Cleaning- Always clean your new album as soon as you open the package. New albums are full of contaminants such as dust, pieces of vinyl, paper, etc. These items need to be removed so as not to damage the album. Always clean your album in a circular motion following the grooves. Never clean an album from the center out as you would a CD. Always use a mild detergent designed specifically for your albums. Likewise, always use a soft cleaning pad that is designed for albums.
Storage- Always store your albums vertically. Never lay them flat (the forces of time and gravity will warp an album laying this way). Always store your album inside its' protective sleeve (preferably an anti-static sleeve), and always store this sleeve inside of the cardboard jacket. Purchase a plastic outer sleeves to store the jacket in. This offers the best all around protection for your album and cover. If you have many albums, purchase crates that are designed solely for the purpose of containing them.
Shrink wrap- When opening a new album, be sure to entirely remove the shrink wrap. Many people leave this on thinking that they are further protecting the cover. That is what the separately purchased plastic sleeves are for. By leaving the shrink wrap intact, it can slowly tighten over time, and can even put enough pressure on the vinyl to warp it.
Handling- Always handle vinyl as you would a CD. Hold it between two hands on the edges. Never pick up a vinyl LP with one hand. Never touch the playing surface. The best way to remove an LP from its' protective sleeve is to let it slide out to where the spindle hole is revealed (place your palm or torso in front of the opening to keep the disc from accidentally sliding too far and falling). Place the middle finger under the spindle hole, and allow the other fingers to contact the paper label for balance. Allow the thumb to contact the outer edge of the LP. The LP can be safely handled with one hand in this manner. If the LP will not slide from its' protective holder, use the less desirable method of pinching the outermost edge of the vinyl between the thumb and forefinger (Do not allow fingernails to contact surface). Once removed, used the above methods of handling. If you have an automatic turntable capable of playing multiple LPs ... never, ever use that function! Never stack vinyl on top of vinyl! This is an outdated convenience that was used in an era when vinyl was played 'til it wore out, and then thrown away (or traded in) for a new copy.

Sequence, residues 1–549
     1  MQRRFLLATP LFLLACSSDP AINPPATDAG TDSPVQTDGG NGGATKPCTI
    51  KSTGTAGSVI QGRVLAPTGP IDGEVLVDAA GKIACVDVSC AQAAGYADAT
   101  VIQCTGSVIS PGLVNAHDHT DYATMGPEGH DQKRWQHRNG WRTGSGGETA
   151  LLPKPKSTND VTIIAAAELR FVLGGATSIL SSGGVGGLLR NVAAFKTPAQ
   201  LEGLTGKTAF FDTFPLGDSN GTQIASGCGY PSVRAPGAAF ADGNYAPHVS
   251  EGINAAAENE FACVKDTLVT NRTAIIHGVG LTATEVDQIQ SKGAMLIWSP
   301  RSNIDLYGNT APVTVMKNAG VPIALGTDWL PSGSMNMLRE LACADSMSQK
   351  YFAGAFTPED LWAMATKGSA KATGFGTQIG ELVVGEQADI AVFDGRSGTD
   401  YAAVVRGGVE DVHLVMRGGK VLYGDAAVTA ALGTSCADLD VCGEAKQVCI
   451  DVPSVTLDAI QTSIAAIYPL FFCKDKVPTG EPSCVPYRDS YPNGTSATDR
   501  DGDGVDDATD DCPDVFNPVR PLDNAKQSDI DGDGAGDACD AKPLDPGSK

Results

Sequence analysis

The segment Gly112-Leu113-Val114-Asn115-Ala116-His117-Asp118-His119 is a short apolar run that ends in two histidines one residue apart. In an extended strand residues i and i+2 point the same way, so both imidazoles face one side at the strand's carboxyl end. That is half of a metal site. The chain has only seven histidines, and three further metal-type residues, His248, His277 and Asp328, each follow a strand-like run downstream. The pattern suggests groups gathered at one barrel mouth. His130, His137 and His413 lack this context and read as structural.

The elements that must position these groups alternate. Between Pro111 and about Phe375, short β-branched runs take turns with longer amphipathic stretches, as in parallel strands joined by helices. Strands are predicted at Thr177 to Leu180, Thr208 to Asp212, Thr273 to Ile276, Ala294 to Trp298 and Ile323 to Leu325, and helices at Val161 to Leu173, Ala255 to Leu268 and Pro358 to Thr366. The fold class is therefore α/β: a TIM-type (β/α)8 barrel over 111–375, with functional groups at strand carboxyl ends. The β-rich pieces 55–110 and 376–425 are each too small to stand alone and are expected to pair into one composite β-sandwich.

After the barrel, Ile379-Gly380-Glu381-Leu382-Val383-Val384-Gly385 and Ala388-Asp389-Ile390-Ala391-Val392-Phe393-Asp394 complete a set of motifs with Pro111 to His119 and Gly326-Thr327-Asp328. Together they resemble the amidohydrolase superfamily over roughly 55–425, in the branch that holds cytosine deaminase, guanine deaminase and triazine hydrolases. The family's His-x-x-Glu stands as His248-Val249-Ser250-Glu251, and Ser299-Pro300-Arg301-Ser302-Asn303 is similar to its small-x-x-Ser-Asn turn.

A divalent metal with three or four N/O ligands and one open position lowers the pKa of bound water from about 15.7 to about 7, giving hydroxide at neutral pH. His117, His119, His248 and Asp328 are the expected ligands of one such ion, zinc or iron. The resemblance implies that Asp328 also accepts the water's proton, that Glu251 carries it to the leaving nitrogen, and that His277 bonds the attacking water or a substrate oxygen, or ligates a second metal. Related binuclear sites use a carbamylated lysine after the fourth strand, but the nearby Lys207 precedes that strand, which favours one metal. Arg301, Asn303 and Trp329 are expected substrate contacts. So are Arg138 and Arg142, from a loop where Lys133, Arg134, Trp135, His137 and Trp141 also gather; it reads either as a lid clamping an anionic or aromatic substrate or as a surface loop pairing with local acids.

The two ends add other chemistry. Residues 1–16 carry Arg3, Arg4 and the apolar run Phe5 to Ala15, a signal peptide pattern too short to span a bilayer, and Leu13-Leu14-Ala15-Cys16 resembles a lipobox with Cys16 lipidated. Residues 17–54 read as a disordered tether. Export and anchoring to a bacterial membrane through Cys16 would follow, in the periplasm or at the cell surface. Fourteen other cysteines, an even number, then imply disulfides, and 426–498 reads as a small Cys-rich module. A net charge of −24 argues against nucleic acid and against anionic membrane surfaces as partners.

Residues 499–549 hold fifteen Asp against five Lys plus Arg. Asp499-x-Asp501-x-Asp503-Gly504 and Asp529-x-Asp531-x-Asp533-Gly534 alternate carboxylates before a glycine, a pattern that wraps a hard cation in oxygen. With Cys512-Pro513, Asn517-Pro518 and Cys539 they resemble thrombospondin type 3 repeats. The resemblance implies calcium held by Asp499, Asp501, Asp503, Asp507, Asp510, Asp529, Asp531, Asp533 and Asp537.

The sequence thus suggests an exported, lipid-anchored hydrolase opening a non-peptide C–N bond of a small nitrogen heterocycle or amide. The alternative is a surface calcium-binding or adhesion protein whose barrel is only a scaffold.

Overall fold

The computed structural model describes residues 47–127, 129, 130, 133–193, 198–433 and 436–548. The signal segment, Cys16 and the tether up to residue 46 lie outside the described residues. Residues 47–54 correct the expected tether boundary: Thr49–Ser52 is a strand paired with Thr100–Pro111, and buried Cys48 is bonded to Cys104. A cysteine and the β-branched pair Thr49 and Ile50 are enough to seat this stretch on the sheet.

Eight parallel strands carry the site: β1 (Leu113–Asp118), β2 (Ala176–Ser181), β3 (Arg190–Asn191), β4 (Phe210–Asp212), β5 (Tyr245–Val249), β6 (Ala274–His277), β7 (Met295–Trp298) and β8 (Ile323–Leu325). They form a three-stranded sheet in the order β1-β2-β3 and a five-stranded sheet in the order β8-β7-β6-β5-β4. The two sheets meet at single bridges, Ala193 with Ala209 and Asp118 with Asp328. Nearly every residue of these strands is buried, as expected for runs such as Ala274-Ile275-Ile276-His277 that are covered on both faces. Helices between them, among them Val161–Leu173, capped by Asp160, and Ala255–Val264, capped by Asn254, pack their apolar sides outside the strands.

Defacing- Any type of defacing will detract from the value of your album. Never write on or place stickers on any part of the album cover or label. The two most common forms of defacing are dogged corners of the album cover caused by rough handling; and spindle marks caused by laying an album on the spindle and sliding it around until you find the center hole. To avoid this, place the album's center hole near the spindle. Look through the center hole until you see the spindle. Slowly put the album down over the spindle while keeping your eye on it through the center album hole for guidance.
General- Always use your turntable arm lifter when setting the tone arm onto the album or lifting it up. Never carry your albums in an automobile over extended periods. Never store albums close to any type of heat source ... such as a radiator, heating vents, sunlight through a window, etc. Never store vinyl without outer protection. Never allow direct or indirect sunlight to strike your vinyl or cover for extended periods; or allow either to be exposed to the elements (This rule makes buying an LP from an outdoor flea market vendor a dubious prospect).
Warp- The big enemy of vinyl. Always handle your vinyl and store it in such a manner to avoid warp. Should a small warp appear, and it doesn't noticeably alter the sound ... it's just something that you'll have to live with. When vinyl was king, even many new LPs had a slight warp. This won't affect the sound on any but the super high end turntables. For vinyl that is warped beyond playing; here is a trick. Acquire two heavy pieces of glass (such as those used in glass shelving 1/8 inch thick or so) each larger than the LP. Take the pieces of glass outside on a good sunny day and make sure that they are totally free of dust, paper lint, etc.. Lay the glass down somewhere where the sun will hit it (and it will be out of the path of marauding bands of children or animals) Place your good for nothing else vinyl problem on top of the glass. Lay the second piece of glass on top of the vinyl creating a sandwich. Now wait. And wait..... and wait some more. Eventually the sun will cause the vinyl to soften, and the weight of the glass will cause the warp to lessen (and in some cases, completely be removed). Bring this sandwich inside and set it in an out of the way place to cool. In any case, a worthless piece of vinyl will at least now be playable. Words of caution: although this method will work, it is never recommended for an LP with only a slight warp that does not affect the sound. And finally, it must be done in sunlight. Never try to use artificial heat, as this will damage the vinyl. Set it outside, and be patient!